Web: Anthony Bourdain: No Reservations
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Beef on Weck Buffalo Chicken Wings Television West Seneca
Up until recently, we were fans of Anthony Bourdain - we've read his books, watched his TV show No Reservations, and enjoyed his "we'll do things differently" attitude. He's the sort of guy who likes to cover a city like Seattle by deliberately ignoring Starbucks, and instead going to the Russian bakery a few doors down. So last January, he came to Buffalo to tape a segment, and today, he released the episode titled "Rust Belt" several hours after posting a blog post on what was to come: "tonight's episode celebrates that particularly American character," he said, "who proudly survives and thrives in places like late era Baltimore, Detroit and Buffalo." What exactly was that supposed to mean, we wondered? The show is "about places where the American dream has fallen a little short," explained the Manhattan-based Bourdain, calling all three places "fine, noble and deeply troubled American cities" in his blog. Then the show started, and he expanded upon this point: they're "three of the most f'ed up cities in America," he said, several times in different variations, each with the profanity bleeped. Deeply troubled? "F'ed up?" We can't speak for Detroit or Baltimore, but Buffalo? Really?
In past shows, the sense of Bourdain as Mr. Cool - the ex-junkie chef gone good - has been cultivated with exotic backdrops, knowing glances, and team-ups with people who guide him to places supposedly regarded as the best in town. This episode felt oddly different to us, though as a friend from Chicago suggested, it's illustrative of what a No Reservations show feels like when your city is being visited. In the Rust Belt episode, Bourdain and his single sweater didn't actually stop by any of Buffalo's best places. Instead, the show had a cinematic objective: after that withering introduction, it was going to show the rough parts of three cities in mid-winter, then end each segment on an upbeat note.
Thus, the second-largest city in New York appeared in the third of three segments, described as the "frosty, mostly forgotten end of New York State." Opening his coverage on Buffalo, Bourdain initially made several hopefully insincere references to the person who brought him here, Nelson Starr, as "kind of disturbing" and apparently crazy, punctuated with a slo-mo of Starr calling himself "your biggest fan, man." All in good fun, right? Then, as noted in our prior articles, he stopped by Ulrich's Tavern for some liver dumpling soup and - less than enthusiastically - chicken wings, inexplicably took a snowmobile ride to a pig barbecue, and in his only real local culinary discovery, praised the egg nog and Beef on Weck at Schwabl's. Why Schwabl's? Because "most Buffalonians agree that the best Beef on Weck is to be found at Schwabl's restaurant," he says. Not really, but that doesn't matter, right? It's just television. He then closes the segment with a visit to watch Starr perform at a nightclub, enthusiastically praises both working man Starr and Buffalo's nice people, and exits the club to a gathering of groupies who heard that he was in town. Why did he visit these places? Because he was brought there. That's Buffalo. And that's enough of Buffalo for the show.
As we're familiar with Bourdain's writings and television shows, it's easy to understand why he feels a city like Buffalo merits "Rust Belt" style coverage. Based in Manhattan when he's not roaming the globe or hunting for a house in Vietnam, he is unapologetically in love with an old, pre-Giuliani New York that has been slipping away, and hates modern chains - "TGI McFunster's," among them - which his punk rock TV persona has blamed for sanitizing everything from the former cesspool Times Square to the city's old ethnic neighborhoods. New York may be called "the City of Broken Dreams," but Bourdain thinks it's God's favorite place in America. And sure, the hot dogs may be laughable, but it's a nice enough place to visit.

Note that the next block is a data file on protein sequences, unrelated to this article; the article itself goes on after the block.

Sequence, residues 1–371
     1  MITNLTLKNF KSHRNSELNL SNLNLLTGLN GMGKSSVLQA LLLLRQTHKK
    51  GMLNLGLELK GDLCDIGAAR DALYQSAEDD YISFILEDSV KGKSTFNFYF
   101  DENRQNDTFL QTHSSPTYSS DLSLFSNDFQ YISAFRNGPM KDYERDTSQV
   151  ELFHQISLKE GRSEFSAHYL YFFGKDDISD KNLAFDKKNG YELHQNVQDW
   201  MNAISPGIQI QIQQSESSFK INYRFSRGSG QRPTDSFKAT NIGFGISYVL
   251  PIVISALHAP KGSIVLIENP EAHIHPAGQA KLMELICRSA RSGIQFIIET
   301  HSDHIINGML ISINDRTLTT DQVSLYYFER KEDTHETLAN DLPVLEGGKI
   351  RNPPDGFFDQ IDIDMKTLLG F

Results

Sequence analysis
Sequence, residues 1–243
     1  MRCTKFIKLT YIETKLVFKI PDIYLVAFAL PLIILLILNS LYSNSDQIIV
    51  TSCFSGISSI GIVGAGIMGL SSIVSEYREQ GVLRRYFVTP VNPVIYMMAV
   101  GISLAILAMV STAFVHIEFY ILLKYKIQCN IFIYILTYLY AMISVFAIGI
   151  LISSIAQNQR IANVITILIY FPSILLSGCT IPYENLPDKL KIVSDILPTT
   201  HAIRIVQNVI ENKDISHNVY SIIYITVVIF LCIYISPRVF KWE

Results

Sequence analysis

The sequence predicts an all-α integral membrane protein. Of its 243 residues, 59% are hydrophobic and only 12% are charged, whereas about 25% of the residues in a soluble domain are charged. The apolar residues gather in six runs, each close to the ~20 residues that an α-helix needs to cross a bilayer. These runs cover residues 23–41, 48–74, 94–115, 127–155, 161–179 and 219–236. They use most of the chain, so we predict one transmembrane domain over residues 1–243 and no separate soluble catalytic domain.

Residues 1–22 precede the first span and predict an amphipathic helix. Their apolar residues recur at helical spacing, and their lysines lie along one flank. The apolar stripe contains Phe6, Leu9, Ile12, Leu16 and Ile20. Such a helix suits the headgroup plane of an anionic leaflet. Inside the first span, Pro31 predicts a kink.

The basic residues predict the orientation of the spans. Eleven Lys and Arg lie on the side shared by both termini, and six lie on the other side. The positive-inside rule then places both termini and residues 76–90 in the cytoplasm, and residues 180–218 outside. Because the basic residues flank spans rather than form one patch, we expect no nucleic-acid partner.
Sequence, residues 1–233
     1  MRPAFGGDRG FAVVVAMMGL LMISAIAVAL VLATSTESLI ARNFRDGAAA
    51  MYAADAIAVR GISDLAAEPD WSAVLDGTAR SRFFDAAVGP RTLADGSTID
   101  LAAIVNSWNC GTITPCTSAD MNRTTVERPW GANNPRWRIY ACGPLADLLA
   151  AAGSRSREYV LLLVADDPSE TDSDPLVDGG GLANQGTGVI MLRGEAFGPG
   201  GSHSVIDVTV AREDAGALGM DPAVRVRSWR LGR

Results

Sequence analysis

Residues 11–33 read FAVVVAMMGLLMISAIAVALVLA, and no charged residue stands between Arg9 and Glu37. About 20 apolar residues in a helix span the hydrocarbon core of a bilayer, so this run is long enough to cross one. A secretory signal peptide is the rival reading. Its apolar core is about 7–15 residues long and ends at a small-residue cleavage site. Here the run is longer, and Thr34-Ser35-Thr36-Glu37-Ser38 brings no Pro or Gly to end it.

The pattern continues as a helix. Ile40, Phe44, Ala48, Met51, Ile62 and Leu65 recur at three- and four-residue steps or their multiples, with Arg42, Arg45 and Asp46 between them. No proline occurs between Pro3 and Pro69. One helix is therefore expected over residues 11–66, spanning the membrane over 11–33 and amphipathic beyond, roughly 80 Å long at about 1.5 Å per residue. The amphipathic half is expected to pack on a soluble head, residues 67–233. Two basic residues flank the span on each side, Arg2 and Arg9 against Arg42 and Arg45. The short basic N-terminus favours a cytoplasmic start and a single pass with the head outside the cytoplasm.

That said, we wouldn't want to live there. Western New York may share with Baltimore and Detroit "the wreckage of a million Horatio Alger stories," as Bourdain put it in this episode, but Buffalo and its suburbs today are home to hundreds of thousands of happy Americans - ones with big and small success stories of their own. People here get to raise their families in actual homes rather than the apartment complexes Manhattanites scrape for. We have cars, because we want them, love the freedom they bring, and can afford to park them where we live. And we love our food. Buffalo's wings are internationally famous. There are a dozen other local specialties here - food and drink alike - that aren't as well-known, but should be. Plus, we have the best supermarkets in the country, nationally rated as such, and enough money left over in our budgets to actually shop at them.
Maybe one of these days, Mr. Bourdain, and hopefully sooner rather than later, you'll get a chance to visit again. Perhaps at that point you'll realize that at least one of the cities you visited isn't any more "deeply troubled" than the one you live in. Every city - even yours - has rough neighborhoods. Some are more impacted by them than others. And very few cities are as large as your home. Buffalo is amongst only a handful of American cities that prizes both its indigenous fare and its ethnic restaurants. It also has an appreciation for all things mom and pop that has helped small family businesses to survive here at the same time as they've fallen to the wrecking balls in Manhattan.
So yes, our faith in No Reservations may have been undermined by this episode, but there's good news: we get to wake up in the morning in a place that we love, warts and all. Some might call such enthusiasm apparent craziness. That's probably because they've never lived here. Or maybe they just haven't seen the right places yet.